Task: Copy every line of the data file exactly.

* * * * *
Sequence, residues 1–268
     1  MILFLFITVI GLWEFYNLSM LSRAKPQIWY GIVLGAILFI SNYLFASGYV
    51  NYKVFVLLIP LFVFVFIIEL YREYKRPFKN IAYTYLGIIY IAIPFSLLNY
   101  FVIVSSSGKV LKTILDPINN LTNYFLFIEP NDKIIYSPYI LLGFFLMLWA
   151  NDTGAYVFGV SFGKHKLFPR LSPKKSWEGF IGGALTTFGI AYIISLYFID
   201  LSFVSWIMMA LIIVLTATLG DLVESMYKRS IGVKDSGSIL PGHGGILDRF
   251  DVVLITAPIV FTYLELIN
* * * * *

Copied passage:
Sequence, residues 1–268
     1  MILFLFITVI GLWEFYNLSM LSRAKPQIWY GIVLGAILFI SNYLFASGYV
    51  NYKVFVLLIP LFVFVFIIEL YREYKRPFKN IAYTYLGIIY IAIPFSLLNY
   101  FVIVSSSGKV LKTILDPINN LTNYFLFIEP NDKIIYSPYI LLGFFLMLWA
   151  NDTGAYVFGV SFGKHKLFPR LSPKKSWEGF IGGALTTFGI AYIISLYFID
   201  LSFVSWIMMA LIIVLTATLG DLVESMYKRS IGVKDSGSIL PGHGGILDRF
   251  DVVLITAPIV FTYLELIN